The world of training big AI models is no longer the realm of a desktop or a few servers. Big AI research organizations are using thousands of accelerators to train huge models. Google, a major force in AI training, designs its own accelerators and systems to use both for internal purposes, as well as to rent via the Google Cloud platform. At Hot Chips 32 (2020) we had the chance to learn a bit more about the Google TPUv3 and the improvements over TPUv2 pods.
Google TPUv3 at Hot Chips 32
Starting with the basic building block, the chips under the cold plates in the cover image above, this is the basic block diagram for the TPUv3. One can see the two cores, their vector, scalar, matrix multiply, and transpose/ permute units. There is HBM memory as well. One can see PCIe connectivity to a host as well as a high-speed interconnect.
A big change with TPUv3 is that the matrix multiply units are doubled, just like the HBM capacity. This is an ugly image as we took it from the PDF version of Google’s talk. The presented version did not have the diagram over the text. It is somewhat amazing that Google can make massive AI training systems and index the world, but Google Slides gives this kind of export to PDF experience in 2020.
There are a number of other improvements beyond the MMU and HBM capacity doubling. The core frequencies, memory bandwidth, and interconnect link bandwidth all went up by 30% as well. When you see “4x nodes” in this diagram below, that is referring to the number of nodes per pod is scaling to 4x the previous generation (1024 up from 256.)
The TPUs are connected via a 2D Torus network for high-speed accelerator communication. There is also a PCIe link to host machines that provide the link to storage.
Taking a step back here, there are quite a few people who think that this is completely different from what NVIDIA is doing. As we showed in our Inspur NF5488M5 review as well as our NVIDIA DGX A100 and NVIDIA DGX A100 SuperPod look, NVIDIA is doing something similar. We can even look back to our DeepLearning12 Tesla P100 build and see a similar theme. The NVIDIA A100 (and V100’s) have an interconnect on a HGX-2/ HGX A100 board. That scales from 4x A100 GPUs HGX Redstone Platform up to 8 or 16 GPUs per platform with NVSwitch. Interconnect is NVIDIA-Mellanox Infiniband that with GPUDirect RDMA and effectively bypass going to the host to get on the training fabric. For storage, one goes back to the host system and storage is via another NIC.
There are a few differences and some significant ones, but we just wanted to point out that there are, indeed, a lot of similarities in how the solutions are built at a high-level. From this high-level, we are comparing a BMW to a Tesla (car) rather than a BMW automobile to a bullet train.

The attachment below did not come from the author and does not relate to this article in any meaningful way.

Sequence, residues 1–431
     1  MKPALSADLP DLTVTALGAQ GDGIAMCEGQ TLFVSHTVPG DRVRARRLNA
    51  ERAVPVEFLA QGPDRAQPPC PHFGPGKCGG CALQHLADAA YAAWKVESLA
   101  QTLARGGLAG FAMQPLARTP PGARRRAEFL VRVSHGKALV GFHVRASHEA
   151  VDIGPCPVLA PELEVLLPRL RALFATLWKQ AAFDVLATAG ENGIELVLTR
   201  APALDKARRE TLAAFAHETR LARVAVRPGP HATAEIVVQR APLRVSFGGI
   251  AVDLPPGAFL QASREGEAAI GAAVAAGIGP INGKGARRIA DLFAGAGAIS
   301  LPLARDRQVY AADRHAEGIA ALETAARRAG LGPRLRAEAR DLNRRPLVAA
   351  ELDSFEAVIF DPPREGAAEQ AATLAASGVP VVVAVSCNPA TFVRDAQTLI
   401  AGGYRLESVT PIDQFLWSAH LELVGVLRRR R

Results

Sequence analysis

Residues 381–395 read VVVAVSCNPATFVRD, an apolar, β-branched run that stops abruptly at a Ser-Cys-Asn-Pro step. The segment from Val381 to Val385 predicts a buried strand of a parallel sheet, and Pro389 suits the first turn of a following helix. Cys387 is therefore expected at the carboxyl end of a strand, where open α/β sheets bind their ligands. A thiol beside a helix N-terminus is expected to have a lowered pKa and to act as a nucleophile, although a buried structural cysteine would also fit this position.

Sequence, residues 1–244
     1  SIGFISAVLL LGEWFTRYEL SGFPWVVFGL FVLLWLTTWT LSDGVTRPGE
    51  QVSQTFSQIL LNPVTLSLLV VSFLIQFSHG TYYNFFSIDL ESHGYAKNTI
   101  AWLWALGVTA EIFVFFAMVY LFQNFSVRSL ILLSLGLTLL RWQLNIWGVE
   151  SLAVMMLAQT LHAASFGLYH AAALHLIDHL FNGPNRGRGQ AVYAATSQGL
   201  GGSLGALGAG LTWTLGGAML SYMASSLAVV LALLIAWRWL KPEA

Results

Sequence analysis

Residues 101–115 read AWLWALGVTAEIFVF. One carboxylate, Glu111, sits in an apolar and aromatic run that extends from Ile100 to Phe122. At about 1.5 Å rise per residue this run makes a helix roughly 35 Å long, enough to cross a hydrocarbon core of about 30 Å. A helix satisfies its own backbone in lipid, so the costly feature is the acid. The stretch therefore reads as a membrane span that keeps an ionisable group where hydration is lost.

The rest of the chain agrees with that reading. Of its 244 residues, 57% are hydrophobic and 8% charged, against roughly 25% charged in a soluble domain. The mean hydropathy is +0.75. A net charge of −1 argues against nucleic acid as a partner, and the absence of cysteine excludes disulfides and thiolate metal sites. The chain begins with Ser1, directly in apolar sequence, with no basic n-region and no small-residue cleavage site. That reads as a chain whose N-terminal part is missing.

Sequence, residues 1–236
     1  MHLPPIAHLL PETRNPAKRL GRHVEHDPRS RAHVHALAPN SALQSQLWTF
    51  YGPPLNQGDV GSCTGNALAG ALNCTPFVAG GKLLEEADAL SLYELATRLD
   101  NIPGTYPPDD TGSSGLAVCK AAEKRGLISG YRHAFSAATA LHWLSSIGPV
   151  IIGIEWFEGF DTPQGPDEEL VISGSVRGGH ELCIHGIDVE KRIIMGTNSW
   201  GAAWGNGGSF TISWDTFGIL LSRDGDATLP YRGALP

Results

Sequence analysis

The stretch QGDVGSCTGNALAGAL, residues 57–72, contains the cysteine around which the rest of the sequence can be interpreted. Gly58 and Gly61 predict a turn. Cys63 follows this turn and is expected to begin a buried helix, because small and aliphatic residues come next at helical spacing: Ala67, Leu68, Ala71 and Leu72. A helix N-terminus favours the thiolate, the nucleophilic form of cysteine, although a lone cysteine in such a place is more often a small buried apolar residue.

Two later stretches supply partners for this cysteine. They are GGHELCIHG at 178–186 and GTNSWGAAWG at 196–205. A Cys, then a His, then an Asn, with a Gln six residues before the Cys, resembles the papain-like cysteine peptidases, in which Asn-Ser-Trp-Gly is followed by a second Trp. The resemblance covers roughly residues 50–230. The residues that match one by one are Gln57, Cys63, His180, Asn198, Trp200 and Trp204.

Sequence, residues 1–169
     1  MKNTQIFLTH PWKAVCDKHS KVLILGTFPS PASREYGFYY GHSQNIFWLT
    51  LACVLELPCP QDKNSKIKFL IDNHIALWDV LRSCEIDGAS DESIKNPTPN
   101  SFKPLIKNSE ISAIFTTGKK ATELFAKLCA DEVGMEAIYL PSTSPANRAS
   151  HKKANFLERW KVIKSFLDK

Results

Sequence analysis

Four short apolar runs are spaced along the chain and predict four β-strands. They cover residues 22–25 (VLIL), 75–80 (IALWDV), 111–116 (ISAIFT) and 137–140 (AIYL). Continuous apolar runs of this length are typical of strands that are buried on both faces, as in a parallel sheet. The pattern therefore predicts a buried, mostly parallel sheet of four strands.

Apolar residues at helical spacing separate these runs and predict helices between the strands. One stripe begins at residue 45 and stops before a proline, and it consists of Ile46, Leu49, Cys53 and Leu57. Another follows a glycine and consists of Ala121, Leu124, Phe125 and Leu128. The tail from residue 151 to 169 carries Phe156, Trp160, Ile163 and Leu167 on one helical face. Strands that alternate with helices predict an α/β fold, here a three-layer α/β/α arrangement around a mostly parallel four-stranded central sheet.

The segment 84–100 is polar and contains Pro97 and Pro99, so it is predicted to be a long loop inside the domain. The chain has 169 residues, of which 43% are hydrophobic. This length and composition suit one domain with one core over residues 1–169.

The TPUv2 Google showed using large air coolers. With the TPUv3 we get liquid cooling which means a lower server height. As a result, the standard rack seems to have gone from the TPUv2’s 4×8 four across and eight high of TPUv2 boards to 2×16 of TPUv3 boards.
There are other changes, however, at the system level, we have 4x the number of accelerator chips but 9-10x the petaflops and 8x the memory. We can also see a big change to the cabling connectors on the left side of these nodes.
At Hot Chips 32, the company talked more about the software scaling they were seeing which lead to their recent MLPerf 0.7 Training Results. Google uses this hardware (or perhaps a newer generation that they are not talking about) internally.
NVIDIA also saw the need to build a large internal-use cluster to aid in software development as we saw in 0 to Supercomputer NVIDIA Selene Deployment.
The TPUv3 was announced in 2018 so hearing talk on it with a lot of obfuscated details in 2020 seems strange. This is especially so given the relatively open manner NVIDIA offerings are discussed. That may be due to NVIDIA having partners and a stack that is scaling from low-power to high-power chips and software across multiple domains. Still, we wish Google had used its multiple talks at Hot Chips 32 to go into more detail about the systems themselves especially since we are around two years after TPUv3 announcement. Google tends to be relatively opaque on its hardware (e.g. there is very little public information on the company’s Arm CPU usage.) Facebook and Microsoft tend to be much more open, AWS is somewhere in the middle. At this point, given Google’s scale, they are hard to imitate except for the other hyper-scale outfits. While it is great to see more, we wish Google would let its engineers show off their engineering prowess a bit more.